The Verge spoke with Klotzbach about hurricanes in the Pacific, Willa’s speedy intensification, and why this year is so odd.

This interview has been edited for clarity and brevity.

Is Hurricane Willa unusual?

It’s unusual in that it intensified that quickly. The models were always really aggressive at developing this storm. The [National] Hurricane Center has been watching this thing for a while, and it wasn’t really doing much — and then basically the bottom fell out of it and it went from a tropical depression to a Category 5 in like 48 hours, which is very impressive. Not the fastest, but definitely up there in terms of intensifying quickly.

In terms of its track, that’s pretty typical for late season storms in the east Pacific. They tend to move west and then go north and hook back into Mexico. So for the western coast of Mexico, getting stuff in October into November isn’t that uncommon. I think it’s probably going to weaken. But even if it’s a four or a three it’s certainly one of a stronger storms that have hit them.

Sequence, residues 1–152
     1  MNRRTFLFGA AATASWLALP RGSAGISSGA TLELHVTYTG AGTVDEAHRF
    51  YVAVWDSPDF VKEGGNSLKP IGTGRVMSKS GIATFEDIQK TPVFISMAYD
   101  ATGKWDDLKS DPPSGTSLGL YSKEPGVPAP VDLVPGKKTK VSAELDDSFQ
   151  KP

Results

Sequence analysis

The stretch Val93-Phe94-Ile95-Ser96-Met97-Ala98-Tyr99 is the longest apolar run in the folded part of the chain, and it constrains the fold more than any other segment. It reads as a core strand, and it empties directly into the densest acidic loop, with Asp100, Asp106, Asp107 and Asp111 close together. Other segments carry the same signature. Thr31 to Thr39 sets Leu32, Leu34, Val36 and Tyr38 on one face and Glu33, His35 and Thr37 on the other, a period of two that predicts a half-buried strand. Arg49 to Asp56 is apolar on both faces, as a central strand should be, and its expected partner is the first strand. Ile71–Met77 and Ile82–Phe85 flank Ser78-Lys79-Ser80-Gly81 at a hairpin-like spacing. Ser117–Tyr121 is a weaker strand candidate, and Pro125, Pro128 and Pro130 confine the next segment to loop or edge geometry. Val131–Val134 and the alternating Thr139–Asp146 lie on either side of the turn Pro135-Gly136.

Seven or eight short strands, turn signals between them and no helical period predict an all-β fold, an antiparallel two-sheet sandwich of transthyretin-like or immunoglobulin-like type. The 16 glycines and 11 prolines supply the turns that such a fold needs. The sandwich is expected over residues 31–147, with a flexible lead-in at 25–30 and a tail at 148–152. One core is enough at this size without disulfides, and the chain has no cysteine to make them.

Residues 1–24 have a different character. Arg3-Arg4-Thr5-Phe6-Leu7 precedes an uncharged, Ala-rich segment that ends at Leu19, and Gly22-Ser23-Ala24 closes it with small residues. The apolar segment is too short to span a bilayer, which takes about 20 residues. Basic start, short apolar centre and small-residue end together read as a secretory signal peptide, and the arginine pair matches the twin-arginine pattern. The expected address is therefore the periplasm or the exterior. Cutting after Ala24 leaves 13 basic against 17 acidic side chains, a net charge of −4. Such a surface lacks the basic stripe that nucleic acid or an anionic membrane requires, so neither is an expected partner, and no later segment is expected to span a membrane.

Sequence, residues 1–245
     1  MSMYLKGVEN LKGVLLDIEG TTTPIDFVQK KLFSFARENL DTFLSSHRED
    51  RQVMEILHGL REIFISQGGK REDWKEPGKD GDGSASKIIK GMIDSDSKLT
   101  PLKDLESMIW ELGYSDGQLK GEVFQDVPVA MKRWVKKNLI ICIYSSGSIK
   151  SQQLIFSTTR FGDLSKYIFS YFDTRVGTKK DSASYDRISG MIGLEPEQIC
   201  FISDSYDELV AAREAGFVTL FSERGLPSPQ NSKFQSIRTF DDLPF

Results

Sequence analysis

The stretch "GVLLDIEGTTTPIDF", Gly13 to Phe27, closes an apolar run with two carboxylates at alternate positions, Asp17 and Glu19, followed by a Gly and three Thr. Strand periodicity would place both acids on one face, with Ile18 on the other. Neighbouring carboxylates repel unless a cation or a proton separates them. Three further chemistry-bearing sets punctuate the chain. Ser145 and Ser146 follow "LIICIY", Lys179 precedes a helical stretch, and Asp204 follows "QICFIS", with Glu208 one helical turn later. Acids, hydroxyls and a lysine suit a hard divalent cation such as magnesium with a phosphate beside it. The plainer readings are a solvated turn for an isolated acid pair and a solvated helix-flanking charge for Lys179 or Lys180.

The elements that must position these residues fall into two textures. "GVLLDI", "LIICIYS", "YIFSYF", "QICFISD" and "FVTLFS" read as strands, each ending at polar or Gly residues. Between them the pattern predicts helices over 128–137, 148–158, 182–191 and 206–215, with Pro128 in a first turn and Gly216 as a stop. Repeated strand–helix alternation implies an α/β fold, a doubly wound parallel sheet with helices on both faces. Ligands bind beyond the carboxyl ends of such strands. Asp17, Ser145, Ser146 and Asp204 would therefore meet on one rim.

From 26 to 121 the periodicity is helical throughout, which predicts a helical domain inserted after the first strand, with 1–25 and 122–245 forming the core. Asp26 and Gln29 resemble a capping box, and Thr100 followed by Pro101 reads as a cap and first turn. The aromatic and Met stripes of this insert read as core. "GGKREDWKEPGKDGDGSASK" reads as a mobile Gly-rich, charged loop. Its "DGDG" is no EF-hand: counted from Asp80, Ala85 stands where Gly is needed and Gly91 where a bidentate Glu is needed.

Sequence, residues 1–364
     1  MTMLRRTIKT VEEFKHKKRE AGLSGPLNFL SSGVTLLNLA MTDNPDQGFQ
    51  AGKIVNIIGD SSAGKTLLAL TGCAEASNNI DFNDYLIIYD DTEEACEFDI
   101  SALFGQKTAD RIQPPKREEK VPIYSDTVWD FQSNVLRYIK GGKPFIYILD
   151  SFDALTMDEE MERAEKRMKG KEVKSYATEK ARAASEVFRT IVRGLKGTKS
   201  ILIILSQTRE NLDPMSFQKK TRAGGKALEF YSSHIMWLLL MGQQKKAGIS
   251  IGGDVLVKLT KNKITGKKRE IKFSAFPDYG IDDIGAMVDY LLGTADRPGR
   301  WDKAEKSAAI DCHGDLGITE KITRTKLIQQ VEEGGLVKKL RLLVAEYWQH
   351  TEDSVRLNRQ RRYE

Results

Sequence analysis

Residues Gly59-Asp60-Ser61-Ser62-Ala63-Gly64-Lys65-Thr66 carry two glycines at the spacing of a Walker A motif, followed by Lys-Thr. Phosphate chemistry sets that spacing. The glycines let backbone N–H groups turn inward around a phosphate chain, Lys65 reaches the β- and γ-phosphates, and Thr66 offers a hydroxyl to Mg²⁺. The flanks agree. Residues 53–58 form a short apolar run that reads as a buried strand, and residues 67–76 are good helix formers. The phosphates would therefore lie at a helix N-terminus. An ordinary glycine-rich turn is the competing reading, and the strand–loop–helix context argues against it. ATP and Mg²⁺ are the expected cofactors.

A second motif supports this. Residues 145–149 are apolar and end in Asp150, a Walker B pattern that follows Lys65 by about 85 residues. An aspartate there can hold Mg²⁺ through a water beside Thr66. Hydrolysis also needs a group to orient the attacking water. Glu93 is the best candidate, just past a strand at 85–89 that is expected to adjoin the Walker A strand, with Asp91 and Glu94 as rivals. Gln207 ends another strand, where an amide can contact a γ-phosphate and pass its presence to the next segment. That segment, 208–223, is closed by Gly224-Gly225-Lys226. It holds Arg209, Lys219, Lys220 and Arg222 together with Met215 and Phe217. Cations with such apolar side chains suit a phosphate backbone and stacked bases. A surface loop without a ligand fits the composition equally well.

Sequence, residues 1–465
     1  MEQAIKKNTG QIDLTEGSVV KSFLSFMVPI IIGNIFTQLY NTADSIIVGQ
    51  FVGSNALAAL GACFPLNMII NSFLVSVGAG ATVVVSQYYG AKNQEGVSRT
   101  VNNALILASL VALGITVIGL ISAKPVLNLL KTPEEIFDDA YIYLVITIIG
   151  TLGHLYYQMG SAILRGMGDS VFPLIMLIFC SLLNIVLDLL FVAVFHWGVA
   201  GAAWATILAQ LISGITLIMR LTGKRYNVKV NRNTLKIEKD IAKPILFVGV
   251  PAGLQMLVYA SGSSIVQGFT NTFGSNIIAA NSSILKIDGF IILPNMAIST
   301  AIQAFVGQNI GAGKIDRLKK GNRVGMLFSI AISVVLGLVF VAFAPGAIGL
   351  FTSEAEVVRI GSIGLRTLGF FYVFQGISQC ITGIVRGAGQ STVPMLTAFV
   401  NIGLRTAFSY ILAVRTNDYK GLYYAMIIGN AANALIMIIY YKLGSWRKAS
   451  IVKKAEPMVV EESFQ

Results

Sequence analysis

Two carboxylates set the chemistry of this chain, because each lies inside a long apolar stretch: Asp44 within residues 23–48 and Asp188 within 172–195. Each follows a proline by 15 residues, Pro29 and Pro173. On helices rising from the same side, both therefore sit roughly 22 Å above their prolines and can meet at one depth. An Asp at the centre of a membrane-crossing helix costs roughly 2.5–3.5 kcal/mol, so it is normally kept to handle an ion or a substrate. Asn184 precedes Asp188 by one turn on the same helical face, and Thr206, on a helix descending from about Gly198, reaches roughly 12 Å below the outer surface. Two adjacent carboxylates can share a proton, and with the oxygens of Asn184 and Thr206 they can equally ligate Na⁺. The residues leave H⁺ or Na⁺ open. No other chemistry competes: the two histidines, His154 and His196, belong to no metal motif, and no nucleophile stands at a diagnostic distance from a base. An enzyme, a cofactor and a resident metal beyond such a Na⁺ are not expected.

Is there a pattern to hurricane formation in the Pacific, and does Hurricane Willa fit that pattern?

In the Pacific, the water temperatures get cold as you go further north — which is why we don’t see hurricanes hitting California — and also the shear gets quite strong. So storms in the northeast Pacific form in a nice tight little latitude-longitude area. And then most of them go west and track north, get to cold water, and die. Most hurricanes in the northeast Pacific don’t really impact people. Which is why frankly, in research, it’s probably the most neglected hurricane basin.

But then you do get these storms obviously, like we had Patricia [in 2015], which is probably the one that people remember the most. Hurricane Kenna in 2002 was a very strong hurricane that went into the western part of Mexico, and killed four people when it made landfall. Certainly you do get these kinds of storms that do these right-hook turns into Mexico, and Kenna is actually a pretty good analog in terms of its track because it made landfall as a [Category] 4 on October 25th — so about the same time. These kinds of powerful hurricanes have hit in the past in western Mexico, but obviously this one certainly has the potential to be quite strong when it hits.